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J Affect Disord. 2008 Dec;111(2-3):366-71. doi: 10.1016/j.jad.2008.03.011. Epub 2008 Apr 28.

Only half of bipolar I and II patients report prodromal symptoms.

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  • 1Department of Mental Health and Alcohol Research, National Public Health Institute, Helsinki, Finland.



Learning to detect prodromal symptoms is a key element of psychosocial treatment of bipolar disorder (BD). However, previous studies have described only prodromes of manic and depressive phases of BD I patients, while information on prodromes in BD II, or other phases is lacking.


The Jorvi Bipolar Study included 191 in- and outpatients with DSM-IV BD (90 BD I, 101 BD II) in any acute phase of illness at baseline. The prevalence, type and duration of preceding prodromes were investigated using open-ended questions. The effects of type I or II disorder, index phase, socio-demographic factors, comorbidity, illness history and other correlates on report and duration of prodromes were investigated.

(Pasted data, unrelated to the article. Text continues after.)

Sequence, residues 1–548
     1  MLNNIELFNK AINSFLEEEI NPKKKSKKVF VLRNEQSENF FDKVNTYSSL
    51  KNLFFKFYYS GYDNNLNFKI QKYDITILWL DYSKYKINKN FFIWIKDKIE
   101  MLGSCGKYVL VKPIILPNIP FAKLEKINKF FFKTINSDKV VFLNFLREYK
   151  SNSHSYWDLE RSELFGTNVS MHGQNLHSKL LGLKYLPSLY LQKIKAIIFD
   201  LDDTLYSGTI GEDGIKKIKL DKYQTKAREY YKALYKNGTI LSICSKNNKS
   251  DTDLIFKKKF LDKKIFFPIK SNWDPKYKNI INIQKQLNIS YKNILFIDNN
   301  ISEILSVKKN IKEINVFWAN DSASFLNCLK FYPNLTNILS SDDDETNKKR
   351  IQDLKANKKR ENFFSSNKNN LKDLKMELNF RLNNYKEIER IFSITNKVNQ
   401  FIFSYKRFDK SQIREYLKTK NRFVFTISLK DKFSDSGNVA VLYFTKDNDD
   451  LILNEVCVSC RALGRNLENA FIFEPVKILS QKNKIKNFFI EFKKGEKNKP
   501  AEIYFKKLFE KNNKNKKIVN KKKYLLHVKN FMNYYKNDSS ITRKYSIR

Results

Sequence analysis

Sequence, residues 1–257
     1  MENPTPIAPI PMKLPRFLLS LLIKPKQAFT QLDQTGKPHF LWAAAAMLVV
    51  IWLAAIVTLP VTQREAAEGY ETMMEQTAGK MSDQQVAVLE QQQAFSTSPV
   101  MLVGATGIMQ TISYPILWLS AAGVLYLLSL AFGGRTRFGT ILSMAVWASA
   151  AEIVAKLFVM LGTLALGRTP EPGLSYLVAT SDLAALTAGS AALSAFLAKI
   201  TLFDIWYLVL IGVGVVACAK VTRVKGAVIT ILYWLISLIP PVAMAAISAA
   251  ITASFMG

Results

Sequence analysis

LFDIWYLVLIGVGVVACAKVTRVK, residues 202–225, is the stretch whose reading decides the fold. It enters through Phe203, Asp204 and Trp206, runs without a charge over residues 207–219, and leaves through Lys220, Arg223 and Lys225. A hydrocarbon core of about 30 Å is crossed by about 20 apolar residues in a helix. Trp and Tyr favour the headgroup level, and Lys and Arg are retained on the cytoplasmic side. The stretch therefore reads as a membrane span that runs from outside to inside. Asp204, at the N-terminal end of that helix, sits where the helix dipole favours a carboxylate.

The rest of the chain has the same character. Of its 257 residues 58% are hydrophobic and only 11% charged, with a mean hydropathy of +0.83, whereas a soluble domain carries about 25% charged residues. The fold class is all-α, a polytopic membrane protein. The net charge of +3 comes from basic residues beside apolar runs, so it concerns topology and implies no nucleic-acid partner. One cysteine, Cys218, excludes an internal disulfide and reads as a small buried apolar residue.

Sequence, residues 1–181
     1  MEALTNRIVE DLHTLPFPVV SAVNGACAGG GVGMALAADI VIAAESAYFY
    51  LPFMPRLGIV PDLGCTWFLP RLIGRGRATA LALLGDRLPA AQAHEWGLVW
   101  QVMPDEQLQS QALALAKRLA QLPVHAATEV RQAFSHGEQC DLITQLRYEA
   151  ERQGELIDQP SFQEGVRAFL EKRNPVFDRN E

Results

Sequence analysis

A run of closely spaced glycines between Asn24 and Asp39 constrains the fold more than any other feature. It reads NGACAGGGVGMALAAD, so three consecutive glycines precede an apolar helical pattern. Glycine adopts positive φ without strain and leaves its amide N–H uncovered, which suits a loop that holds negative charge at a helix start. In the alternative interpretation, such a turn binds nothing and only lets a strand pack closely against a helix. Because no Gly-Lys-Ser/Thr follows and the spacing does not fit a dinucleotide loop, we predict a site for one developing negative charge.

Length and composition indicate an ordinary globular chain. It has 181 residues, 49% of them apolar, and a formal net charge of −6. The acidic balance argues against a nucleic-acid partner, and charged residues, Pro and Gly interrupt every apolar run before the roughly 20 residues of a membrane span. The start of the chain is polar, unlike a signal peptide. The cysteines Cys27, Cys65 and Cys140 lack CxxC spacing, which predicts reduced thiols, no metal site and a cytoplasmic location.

Prodromes were reported by 45.0% of BD I and 50.0% of BD II patients. The first prodromal symptom was usually mood congruent, but sometimes non-specific for mood or a symptom of anxiety; the median duration was 30.5 days. No differences between BD I and II, or between patients who did and those who did not report prodromes were found. Only Axis I comorbidity associated with longer prodromes, but not independently after adjusting for age, gender and type of phase.


The study was cross-sectional. Reporting prodromes depends on patients' insight which was likely affected by a sub-acute phase at time of interview.


Only half of ordinary, secondary care bipolar patients are able to report prodromes. The chronic and fluctuating course of illness, and sometimes short time interval to full episode may limit the potentials of prodrome-based interventions.

[PubMed - indexed for MEDLINE]
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